Accelerating the SAN, with the Server

Posted on September 12, 2012 By Jeff Boles

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Just a few short months ago, a number of vendors in the market started introducing flash-based, in-the-server, storage acceleration technologies that we label Server-based Storage Accelerators (which I also refer to as “accelerators” in this article).

Across the board, such devices were primarily PCIe form factor cards with on-board flash memory that plugged into a server motherboard slot. Through driver or other software inserted into the server OS’s software stack, the solution would intercept I/Os, cache data from SAN-attached disk onto a NAND-flash cache, and then redirect future I/O requests to that cache.

QLogic takes an approach that may make these accelerators the most disruptive performance technology yet. Why? Because this introduction is likely to make server-based storage accelerators more widely deployable than ever before, bringing the benefits of flash optimized I/O into the SAN.

First, let’s take a look at why these accelerators are a key performance technology to begin with.

Acceleration and the Options

Over the past two decades, performance has been the bane of the enterprise storage administrator, and performance has recently seemed poised to severely constrain the virtualization, consolidation, and data analytics initiatives driving today’s digital business. While data density and compute horsepower have increased almost logarithmically over the years, storage performance improvements have been comparatively miniscule.

In the midst of this clear performance gap, the obvious answer seems to be flash-based storage media. Flash media is highly available in the market, and promises to perform much faster than any rotational disk under the typical small, highly random I/O enterprise workload.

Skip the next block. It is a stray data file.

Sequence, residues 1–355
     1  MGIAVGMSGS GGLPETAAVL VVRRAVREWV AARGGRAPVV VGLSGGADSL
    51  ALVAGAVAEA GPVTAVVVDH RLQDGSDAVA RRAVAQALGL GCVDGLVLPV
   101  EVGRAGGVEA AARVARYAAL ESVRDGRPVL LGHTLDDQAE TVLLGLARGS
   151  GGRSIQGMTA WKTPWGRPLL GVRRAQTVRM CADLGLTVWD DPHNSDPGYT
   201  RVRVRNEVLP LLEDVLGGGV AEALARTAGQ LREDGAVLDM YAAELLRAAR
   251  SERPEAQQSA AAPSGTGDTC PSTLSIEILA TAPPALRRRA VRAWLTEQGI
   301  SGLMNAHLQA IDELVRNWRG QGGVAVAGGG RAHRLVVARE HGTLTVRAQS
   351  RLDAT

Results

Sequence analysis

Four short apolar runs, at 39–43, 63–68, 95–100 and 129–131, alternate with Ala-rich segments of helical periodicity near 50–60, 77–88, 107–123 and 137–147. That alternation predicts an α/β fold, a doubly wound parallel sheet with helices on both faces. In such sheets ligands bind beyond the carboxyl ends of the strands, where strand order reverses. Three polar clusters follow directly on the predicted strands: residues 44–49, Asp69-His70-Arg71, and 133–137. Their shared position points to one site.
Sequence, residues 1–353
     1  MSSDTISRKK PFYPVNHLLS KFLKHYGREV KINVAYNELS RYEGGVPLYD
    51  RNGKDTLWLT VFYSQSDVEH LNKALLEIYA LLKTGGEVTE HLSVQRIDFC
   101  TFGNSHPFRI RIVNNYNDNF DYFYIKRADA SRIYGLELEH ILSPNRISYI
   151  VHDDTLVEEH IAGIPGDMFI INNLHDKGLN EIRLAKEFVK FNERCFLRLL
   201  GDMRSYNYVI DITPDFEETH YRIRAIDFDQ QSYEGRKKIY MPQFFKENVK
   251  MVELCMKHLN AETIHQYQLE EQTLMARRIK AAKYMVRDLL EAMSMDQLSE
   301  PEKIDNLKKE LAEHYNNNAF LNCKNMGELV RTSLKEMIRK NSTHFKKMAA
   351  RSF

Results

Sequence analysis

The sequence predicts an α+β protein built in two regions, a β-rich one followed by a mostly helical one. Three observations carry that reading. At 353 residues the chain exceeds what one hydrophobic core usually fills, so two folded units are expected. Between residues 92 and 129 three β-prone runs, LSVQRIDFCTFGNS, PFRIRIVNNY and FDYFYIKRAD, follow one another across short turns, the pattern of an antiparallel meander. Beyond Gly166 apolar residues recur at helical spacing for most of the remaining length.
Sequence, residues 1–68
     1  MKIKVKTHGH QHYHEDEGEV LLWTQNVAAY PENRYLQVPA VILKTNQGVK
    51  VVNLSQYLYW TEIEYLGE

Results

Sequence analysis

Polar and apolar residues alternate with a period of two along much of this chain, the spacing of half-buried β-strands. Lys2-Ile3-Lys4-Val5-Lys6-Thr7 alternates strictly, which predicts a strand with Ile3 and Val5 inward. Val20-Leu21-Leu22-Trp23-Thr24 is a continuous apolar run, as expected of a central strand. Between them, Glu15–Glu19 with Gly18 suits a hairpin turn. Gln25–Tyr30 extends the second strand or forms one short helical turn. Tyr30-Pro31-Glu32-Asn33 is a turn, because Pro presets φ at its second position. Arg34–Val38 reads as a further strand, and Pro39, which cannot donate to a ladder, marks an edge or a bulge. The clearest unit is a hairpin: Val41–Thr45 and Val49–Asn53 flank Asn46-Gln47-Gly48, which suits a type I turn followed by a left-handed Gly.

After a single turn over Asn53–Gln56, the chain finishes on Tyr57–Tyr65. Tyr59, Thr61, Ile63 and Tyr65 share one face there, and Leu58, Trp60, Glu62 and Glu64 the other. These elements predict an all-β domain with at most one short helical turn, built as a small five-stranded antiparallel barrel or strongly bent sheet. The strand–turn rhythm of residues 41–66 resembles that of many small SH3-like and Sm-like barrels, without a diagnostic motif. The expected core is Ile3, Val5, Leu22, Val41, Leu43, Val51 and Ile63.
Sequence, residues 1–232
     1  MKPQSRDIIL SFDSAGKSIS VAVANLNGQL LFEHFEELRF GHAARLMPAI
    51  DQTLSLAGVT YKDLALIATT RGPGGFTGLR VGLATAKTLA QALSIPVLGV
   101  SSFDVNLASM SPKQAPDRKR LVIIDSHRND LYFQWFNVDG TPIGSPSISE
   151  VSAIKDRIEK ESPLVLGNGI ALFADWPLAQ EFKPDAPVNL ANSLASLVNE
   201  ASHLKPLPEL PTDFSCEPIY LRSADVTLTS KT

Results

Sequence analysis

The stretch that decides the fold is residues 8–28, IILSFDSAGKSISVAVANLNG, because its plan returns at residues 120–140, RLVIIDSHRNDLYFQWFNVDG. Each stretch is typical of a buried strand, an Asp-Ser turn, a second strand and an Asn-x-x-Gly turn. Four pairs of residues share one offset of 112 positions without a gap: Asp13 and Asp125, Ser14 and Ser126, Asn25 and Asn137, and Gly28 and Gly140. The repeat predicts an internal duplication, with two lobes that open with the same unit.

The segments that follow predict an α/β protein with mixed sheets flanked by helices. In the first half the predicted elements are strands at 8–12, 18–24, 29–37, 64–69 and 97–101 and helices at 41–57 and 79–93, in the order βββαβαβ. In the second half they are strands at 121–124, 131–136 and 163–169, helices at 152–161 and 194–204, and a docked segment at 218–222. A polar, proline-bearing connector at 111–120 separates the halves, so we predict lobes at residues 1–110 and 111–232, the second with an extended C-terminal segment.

Server-based Storage Acceleration is about inserting flash performance in the I/O path of the server as cache instead of isolated storage in order to achieve maximum performance with lowest latency, and without breaking the shared storage infrastructure. By inserting a flash-based cache, these accelerators do several important things.

First, they offload bursty I/O from shared storage, allowing an expensive storage array to serve up more data and drive up capacity utilization. The best of these technologies cache writes as well as reads, helping to offload even more I/O and decrease latency even further for the application.

Second, these accelerators help shared storage go further by better managing the I/O that gets through to the array. Instead of bursty and random I/O, accelerators aggregate writes and make them steadier and more sequential so that shared storage doesn’t have to work as hard.